commentary (2005-50)

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Pick a Perp, Any Perp

Knowing thy enemy is half the battle

Pick a Perp, Any Perp

by Steve Dupree

There is an old joke that I was reminded of this morning. A sadist and a masochist meet at a party. The masochist says, “Beat me, beat me!” The sadist looks at the masochist coldly and says, “No!”

If you can’t understand that joke, there may be no reason to read farther. At least get someone to explain it to you. It is relevant to my thinking for my recent column about the national response to IX/XI [“Little Bully,” Dec. 1]. This time, I shall attempt to make things more clear than I apparently did last time.

First, some facts that I find hugely important:

• On 9/11 we were not attacked by a nation.

• On 9/11 we were not attacked by a religion.

• On 9/11 we were not attacked by an ethnicity.

• On 9/11 we were attacked by a self-selected group whose membership was multi-national.

• According to official U.S. government reports, of the 19 known hijackers, 15 of them were citizens of Saudi Arabia, two were citizens of the Union of Arab Emirates (UAE), one was Egyptian, and one was Lebanese.

• The hijackers received much of their training to handle aircraft in the air in flight schools in the United States.

No doubt you have by now noticed the lack of Afghanistan and Iraq on the list. No doubt you have noticed the large presence of Saudi citizens on the list. Another thing I might point out, though you doubtless know already, is that the hijackers knew what they were getting ready to do. They planned their own violent deaths months in advance.

As I indicated in my previous column, I was pissed off about the attacks, and I wanted the perps to pay. What I wasn’t was wildly and irrationally angry at an entire genre of people, most of whom had no more to do with the planning or execution of the attacks than did I. It took a while for the thought to form in a way that I could explain it, but I knew that for us, this represented a new kind of threat—something that would have to be handled in a relatively new way.

Planning to fight your next battle as though it were going to be a repeat of the battle you just fought is one of the more frequent mistakes made by military commanders throughout history. It has happened once more. We responded to that attack as though it were a nation that had attacked us. We even picked a nation and made them the whipping boy, and when that wasn’t satisfactory enough, we picked another. We simultaneously said that we were going to treat a concept, a military tactic, terror, as though it were a nation and declare war on it. As anyone could have predicted, those things were politically very popular initially. The knee jerk response of “hurt somebody” or “do something, even if it is wrong” was prevalent throughout the nation. However, it wasn’t my response.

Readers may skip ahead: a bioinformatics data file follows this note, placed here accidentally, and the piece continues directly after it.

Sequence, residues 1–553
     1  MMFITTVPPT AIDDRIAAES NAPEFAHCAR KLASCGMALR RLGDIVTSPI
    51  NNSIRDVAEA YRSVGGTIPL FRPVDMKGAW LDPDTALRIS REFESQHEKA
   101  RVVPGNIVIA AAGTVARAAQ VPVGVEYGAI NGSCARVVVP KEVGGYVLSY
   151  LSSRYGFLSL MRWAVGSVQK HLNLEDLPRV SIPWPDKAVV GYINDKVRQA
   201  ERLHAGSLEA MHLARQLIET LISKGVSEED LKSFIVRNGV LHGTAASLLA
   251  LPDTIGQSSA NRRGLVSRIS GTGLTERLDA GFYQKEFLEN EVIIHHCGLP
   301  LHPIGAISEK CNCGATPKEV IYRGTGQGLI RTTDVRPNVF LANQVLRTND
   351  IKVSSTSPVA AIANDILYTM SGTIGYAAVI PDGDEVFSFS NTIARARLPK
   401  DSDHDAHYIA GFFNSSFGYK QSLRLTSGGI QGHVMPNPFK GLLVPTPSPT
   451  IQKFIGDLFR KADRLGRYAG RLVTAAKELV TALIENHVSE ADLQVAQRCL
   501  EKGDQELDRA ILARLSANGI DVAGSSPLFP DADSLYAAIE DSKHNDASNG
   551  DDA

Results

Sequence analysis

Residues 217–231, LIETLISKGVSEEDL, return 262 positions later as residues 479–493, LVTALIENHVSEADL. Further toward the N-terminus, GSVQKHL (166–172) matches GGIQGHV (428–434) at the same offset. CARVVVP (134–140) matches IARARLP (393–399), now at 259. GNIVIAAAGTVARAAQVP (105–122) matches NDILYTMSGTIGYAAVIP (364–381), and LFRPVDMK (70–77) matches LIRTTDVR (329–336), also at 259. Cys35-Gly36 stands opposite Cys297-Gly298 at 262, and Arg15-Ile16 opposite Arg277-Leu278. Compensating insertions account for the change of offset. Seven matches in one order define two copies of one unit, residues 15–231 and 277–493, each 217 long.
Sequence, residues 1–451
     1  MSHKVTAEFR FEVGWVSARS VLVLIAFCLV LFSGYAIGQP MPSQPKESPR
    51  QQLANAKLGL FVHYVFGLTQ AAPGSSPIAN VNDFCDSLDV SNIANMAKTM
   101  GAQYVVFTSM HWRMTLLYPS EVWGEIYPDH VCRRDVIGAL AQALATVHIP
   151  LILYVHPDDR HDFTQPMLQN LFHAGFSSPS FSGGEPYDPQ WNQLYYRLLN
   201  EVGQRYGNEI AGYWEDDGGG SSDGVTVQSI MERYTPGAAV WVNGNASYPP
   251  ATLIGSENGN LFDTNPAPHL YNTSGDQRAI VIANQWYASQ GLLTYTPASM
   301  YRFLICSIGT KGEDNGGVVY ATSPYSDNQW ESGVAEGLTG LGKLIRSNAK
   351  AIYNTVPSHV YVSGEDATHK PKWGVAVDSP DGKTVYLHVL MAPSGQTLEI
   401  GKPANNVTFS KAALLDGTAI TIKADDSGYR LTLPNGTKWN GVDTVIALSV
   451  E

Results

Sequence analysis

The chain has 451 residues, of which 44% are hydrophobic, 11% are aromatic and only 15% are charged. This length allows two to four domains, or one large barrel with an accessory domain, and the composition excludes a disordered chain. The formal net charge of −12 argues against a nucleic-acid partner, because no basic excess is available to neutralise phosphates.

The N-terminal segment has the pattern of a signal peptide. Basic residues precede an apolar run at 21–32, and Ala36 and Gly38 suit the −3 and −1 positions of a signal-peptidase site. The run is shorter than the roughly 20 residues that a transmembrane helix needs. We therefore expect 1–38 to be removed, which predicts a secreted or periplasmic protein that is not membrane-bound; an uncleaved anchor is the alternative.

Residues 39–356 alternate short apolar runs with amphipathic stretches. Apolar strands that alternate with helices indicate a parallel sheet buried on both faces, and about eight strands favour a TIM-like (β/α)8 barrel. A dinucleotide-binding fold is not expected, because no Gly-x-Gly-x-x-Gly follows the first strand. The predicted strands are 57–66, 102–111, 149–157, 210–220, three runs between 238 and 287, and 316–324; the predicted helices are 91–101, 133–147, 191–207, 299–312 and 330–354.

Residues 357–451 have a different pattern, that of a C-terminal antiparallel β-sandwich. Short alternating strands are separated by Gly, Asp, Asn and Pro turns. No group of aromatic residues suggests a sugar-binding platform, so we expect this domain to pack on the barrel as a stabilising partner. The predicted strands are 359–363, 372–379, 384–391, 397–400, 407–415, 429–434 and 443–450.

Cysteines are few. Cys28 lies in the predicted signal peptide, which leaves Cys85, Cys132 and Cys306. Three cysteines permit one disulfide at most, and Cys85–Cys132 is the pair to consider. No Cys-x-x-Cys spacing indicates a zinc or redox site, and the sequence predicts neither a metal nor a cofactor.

I got very calm and cold and rational. I wanted a series, however many it took, of surgical strikes and operations that would absolutely remove the cancer that caused the deaths of my countrymen, and I wanted it to be done in such a way that allowed for two things: 1) plausible, if unconvincing, deniability that we had done anything other than the previously mentioned food and clothing drop, and 2) the instillation of terror in the hearts of any of those who might have been sympathetic to the cause and were potential future operatives against us.

Instead, we showed them that if they simply train in a country other than their own and receive funding from citizens of a variety of nations, then their friends, relatives and countrymen will have nothing to worry about should the United States retaliate for an act of a self-selecting terror group.

One critique I heard struck me as very valid. I have no idea of such operations as the CIA may have carried out. However, if such operations have been carried out, they failed to meet the second of my criteria stated above, as our government claims that there are still active terror threats out there that are being interdicted (unless they are lying to us about those recent successes).

Still, the basic idea remains valid. I wanted to hurt the perps. Others wanted something to be done that they could feel good about. That is the basic difference between us. It isn’t whether one loves the nation more or who is more of a patriot. I wanted, and still want, a high degree of specificity as to whom the punishment was meted out. I also understand the concept of cultural difference and think that threatening folks, who are prepared to blow themselves up in any of several fashions, with death is counterproductive. In a fight, the idea is to do things that hurt your opponent. They could possibly be things that hurt you as well, but they may not be. This is why the first maxim of combat is to know your opponent. Understand, the criminals were not Americans in funny hats; they were of a significantly different culture than us.

Only a fool would neglect to take that into consideration when planning to fight them.

© 2005 MetroPulse. All rights reserved. This material may not be published, broadcast, rewritten or redistributed.

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